Specifies the treatment terms to be fitted by subsequent `ANOVA`

statements.

### No options

### Parameter

formula |
Treatment formula, specifies the treatment model terms to be fitted by subsequent `ANOVA` s |
---|

### Description

The `TREATMENTSTRUCTURE`

directive defines the *treatment formula* which specifies treatment, or systematic, terms to be fitted in subsequent `ANOVA`

statements. For a simple one-way analysis of variance this has the form

`TREATMENTSTRUCTURE Tfac`

where `Tfac`

is a factor which indicates which treatment was received by each unit in the design. Most experiments, however, are devised to study several treatment factors. For these *factorial* experiments `TREATMENTSTRUCTURE`

specifies a *model formula* to define the model terms to be fitted. Each model term will then have its own line in the analysis-of-variance table and, for example, will have a table of means.

Initially in a job, there is no treatment formula. This situation can be restored by a `TREATMENTSTRUCTURE`

directive with a null setting:

`TREATMENTSTRUCTURE`

In its simplest form, a model formula is a list of *model terms*, linked by the operator “`+`

“. For example,

`A + B`

is a formula containing two terms, `A`

and `B`

, representing the main effects of factors `A`

and `B`

respectively. *Higher-order terms* (like interactions) are specified as series of factors separated by dots, but their precise meaning depends on which other terms the formula contains, as we explain below. The other operators provide ways of specifying a formula more succinctly, and of representing its structure more clearly.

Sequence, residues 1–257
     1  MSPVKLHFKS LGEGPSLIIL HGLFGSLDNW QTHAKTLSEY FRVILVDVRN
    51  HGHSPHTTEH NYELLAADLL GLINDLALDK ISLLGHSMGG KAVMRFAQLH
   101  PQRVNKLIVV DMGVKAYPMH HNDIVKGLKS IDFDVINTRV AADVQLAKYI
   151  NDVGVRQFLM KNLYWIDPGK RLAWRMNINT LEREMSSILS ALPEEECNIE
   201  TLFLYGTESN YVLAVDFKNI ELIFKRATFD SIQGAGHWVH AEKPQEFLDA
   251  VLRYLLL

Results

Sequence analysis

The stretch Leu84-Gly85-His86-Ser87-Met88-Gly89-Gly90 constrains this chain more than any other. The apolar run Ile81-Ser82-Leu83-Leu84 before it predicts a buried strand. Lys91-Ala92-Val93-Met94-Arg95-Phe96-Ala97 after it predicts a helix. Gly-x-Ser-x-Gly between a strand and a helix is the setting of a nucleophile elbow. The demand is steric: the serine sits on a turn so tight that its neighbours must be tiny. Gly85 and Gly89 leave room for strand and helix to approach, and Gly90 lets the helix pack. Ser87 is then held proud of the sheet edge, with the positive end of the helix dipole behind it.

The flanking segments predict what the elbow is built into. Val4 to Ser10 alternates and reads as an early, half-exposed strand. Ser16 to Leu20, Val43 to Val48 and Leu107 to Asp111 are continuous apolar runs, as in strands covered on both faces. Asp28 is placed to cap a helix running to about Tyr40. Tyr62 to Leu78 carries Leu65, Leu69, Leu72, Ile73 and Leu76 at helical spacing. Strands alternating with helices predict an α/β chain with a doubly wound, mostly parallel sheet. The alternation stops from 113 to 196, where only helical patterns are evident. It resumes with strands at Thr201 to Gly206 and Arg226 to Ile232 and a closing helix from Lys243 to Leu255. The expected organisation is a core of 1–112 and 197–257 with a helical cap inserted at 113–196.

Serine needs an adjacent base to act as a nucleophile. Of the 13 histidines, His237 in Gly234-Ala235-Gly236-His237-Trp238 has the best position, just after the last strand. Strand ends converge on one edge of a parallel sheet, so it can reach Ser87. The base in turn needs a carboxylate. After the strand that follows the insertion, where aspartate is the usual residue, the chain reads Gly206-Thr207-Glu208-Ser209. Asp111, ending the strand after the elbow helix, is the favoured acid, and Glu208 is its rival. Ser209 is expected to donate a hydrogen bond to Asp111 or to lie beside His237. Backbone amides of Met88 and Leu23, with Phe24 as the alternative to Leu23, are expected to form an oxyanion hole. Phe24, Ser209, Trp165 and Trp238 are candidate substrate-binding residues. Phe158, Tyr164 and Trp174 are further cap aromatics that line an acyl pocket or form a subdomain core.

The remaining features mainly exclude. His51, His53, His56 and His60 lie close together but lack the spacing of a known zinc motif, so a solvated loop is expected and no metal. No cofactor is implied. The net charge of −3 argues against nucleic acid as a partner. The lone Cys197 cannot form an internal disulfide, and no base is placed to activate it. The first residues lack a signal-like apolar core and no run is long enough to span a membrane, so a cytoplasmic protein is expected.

The *crossing operator* `*`

is used to specify factorial structures. For example, the treatment formula

`TREATMENTSTRUCTURE Nitrogen * Sulphur`

is expanded automatically by Genstat to become the formula

`Nitrogen + Sulphur + Nitrogen.Sulphur`

which has three terms: `Nitrogen`

for the nitrogen main effect, `Sulphur`

for the main effect of sulphur, and `Nitrogen.Sulphur`

for the nitrogen by sulphur interaction. Higher-order terms like `Nitrogen.Sulphur`

represent all the joint effects of the factors `Nitrogen`

and `Sulphur`

that have not been removed by earlier terms in the formula. Thus here it represents the interaction between nitrogen and sulphur as both main effects have been removed.

The other most-commonly used operator is the *nesting operator* (`/`

). This occurs most often in block models (specified by the `BLOCKSTRUCTURE`

directive). For example, the formula

`Litter / Rat`

is expanded to become the formula

`Litter + Litter.Rat`

This could define the block model for a design in which there are several litters of rats. As the formula contains no “main effect” for `rat`

, the term `Litter.Rat`

represents *rat-within-litter* effects (that is the differences between individual rats after removing any overall similarity between rats that belong to the same litter).

A formula can contain more than one of these operators. The three-factor factorial model

`A * B * C`

becomes